Background Analysis of 1 Timothy
James M. Leonard, PhD
A Statement Verse
On any reading of 1 Tim 3:14-15, Paul clearly states his reason for having written this epistle, and so the verse is extremely important for the exegesis of the epistle:
“Although I hope to come to you soon, I am writing you these instructions so that, if I am delayed, you will know how people ought to conduct themselves in God’s household....”
The passage indicates that Paul’s letter is, in large part, a corrective to the people of the church, although he does give words of personal encouragement to Timothy.
Timothy Sent to Fix the Church at Ephesus
We must remember that the church at Ephesus was practically in full revolt against Paul. Paul had heard of the problems at Ephesus. So, he dispatched his “go to” man Timothy to fix the problems (maybe Paul and Timothy were traveling through Ephesus, discovered the problem, and Paul left Timothy behind). Note how often Timothy is given the most difficult tasks in Paul’s missionary work; he must have been an incredibly dependable man, worthy of Paul’s comment “I have no one else like him” (Phil 2:20).
Timothy’s Initial Failure
After some time in ministry at Ephesus as Paul’s itinerant representative, Timothy had had enough of the church at Ephesus. (He sounds like some of the beleaguered pastors I know!) It seems that Timothy excused himself from Ephesus, and traveled some distance to meet Paul at some location as Paul was journeying on to Macedonia in northern Greece (1 Tim 1:3). In reporting to Paul on his hardships at Ephesus, it seems that Timothy broke down and wept uncontrollably over his inability to get the church headed in the right direction (or at least, we might think this is a likely explanation of Timothy’s tears in 2 Tim 1:4). We infer that the church leaders had refused to submit to Timothy’s leadership and exchanged the gospel for a bunch of meaningless talk, myths, and insipid controversies (1 Tim 1:3-6, etc.).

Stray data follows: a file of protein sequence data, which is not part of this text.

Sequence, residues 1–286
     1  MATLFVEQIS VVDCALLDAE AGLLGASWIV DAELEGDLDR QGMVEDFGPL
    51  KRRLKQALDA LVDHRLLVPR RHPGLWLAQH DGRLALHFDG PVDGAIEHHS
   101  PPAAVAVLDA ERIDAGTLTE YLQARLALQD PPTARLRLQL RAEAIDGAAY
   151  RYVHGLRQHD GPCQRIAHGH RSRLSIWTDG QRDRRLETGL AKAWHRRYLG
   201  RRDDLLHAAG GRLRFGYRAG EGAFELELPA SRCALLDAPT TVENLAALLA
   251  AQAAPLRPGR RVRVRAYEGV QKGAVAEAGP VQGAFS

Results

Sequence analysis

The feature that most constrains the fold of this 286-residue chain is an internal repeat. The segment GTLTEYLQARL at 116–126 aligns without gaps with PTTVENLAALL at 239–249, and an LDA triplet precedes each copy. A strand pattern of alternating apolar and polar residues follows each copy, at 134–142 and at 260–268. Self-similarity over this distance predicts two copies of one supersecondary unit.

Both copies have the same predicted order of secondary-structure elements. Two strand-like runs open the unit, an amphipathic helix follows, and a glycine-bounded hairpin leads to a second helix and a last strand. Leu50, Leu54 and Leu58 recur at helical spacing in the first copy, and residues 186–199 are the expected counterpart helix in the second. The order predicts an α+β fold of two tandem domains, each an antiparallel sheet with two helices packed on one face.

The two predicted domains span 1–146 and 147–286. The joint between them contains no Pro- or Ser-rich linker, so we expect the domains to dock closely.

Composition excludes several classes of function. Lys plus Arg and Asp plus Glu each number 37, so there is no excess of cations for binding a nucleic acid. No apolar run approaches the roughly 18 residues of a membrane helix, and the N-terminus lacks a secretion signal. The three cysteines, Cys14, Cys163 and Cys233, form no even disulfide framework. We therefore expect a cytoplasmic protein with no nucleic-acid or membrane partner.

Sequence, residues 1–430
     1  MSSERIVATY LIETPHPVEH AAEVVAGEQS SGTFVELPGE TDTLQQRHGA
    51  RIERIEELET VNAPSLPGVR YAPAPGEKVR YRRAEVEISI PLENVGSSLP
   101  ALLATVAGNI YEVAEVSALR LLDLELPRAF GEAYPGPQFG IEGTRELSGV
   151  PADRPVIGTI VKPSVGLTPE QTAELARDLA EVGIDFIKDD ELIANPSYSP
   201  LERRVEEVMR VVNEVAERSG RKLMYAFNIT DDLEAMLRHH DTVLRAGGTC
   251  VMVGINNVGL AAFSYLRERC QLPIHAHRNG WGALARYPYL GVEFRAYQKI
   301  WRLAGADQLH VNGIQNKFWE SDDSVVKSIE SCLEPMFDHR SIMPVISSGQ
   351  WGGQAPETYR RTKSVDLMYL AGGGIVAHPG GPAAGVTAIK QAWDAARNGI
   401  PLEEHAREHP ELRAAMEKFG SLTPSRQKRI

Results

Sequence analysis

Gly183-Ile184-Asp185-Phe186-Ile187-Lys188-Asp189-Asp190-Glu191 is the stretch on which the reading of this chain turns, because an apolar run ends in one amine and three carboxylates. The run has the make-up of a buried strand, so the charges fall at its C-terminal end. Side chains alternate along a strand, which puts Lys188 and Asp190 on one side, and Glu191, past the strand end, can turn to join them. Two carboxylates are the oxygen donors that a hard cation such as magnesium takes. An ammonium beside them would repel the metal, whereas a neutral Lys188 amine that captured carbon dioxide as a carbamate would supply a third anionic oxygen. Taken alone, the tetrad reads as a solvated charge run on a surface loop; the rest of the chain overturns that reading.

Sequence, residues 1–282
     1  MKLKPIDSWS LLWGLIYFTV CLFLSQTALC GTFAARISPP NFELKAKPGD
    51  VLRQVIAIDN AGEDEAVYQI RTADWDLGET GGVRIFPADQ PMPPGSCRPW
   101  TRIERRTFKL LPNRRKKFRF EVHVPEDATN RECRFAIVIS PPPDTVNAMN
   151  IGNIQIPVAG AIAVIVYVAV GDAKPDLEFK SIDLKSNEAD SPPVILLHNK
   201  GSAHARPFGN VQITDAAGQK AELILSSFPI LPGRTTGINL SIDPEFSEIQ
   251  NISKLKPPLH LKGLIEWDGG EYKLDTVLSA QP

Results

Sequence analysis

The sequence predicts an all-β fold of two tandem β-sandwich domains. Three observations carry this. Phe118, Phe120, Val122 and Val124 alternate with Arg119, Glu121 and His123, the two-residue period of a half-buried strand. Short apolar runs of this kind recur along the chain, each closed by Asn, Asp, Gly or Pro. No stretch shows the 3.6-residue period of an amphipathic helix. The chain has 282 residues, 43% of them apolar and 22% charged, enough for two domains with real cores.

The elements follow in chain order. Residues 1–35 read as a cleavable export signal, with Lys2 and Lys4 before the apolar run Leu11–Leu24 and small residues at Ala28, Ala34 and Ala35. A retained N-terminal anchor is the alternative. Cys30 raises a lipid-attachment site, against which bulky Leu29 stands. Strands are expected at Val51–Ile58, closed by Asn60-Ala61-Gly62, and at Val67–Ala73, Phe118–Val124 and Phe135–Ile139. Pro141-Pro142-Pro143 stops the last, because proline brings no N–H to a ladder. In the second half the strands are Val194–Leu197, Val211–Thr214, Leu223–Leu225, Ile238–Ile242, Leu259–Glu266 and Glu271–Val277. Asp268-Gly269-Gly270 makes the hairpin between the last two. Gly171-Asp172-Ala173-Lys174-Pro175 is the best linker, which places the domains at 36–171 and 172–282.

Not only was Timothy having severe problems with the church’s male leadership, but also with the women as well. Ephesus, in its socio-historical context, specifically with its Artemis cult (KJV: Diana) may well have had a society in which some women wielded and modeled a feminine abuse of power that was unusual for the ancient world. The Artemis cult was a religion dominated by the daughters of influential families, and projected a disdain of marriage. The cult provided midwife priestesses and promised delivery and deliverance of women in childbearing, a practice which perhaps invoked Paul’s sideward and otherwise bizarre comment that “women will be saved through childbearing--if they continue in faith, love and holiness with propriety” (1 Tim 2:18).
The abuse of power by women in Ephesus seems to have been a practice carried into the church by certain women. Paul points to certain women who were often idle and gossipy, “going from house[church] to house[church] saying things they ought not to” (5:13). They dressed gaudily (2:9) to show their wealth to the false leaders of the church who were themselves motivated by greed (6:3-10). During worship, these women seemed to have constantly wrangled with Timothy, undermining his authority (2:11-12). It seems fairly sure that the false leaders and these domineering women were working in tandem with each other.
I get the impression from Paul’s reference to Timothy’s tears (2 Tim 1:4), that Timothy may have even asked Paul to release him from his ministry in Ephesus. Some of us have been there and can sympathize with Timothy’s situation. I’m sure Paul himself was grieved to have heard all these problems and to see his “true son in the faith” brought to tears. However, he nonetheless returned Timothy back to Ephesus. He writes, “As I urged you when I went to Macedonia, stay there in Ephesus and command certain men not to teach false doctrine...” (1:3).
Timothy Sent Back to Ephesus
Before sending Timothy back to Ephesus, it seems that Paul came up with a plan to help Timothy regain control of the church. First of all, practical things such as prayer between Paul and Timothy and some useful words of wisdom would have been in order. Next, Paul decided that it was necessary to excommunicate Hymenaeus and Alexander (1:18-20). Third, Paul would write a letter to the Ephesians.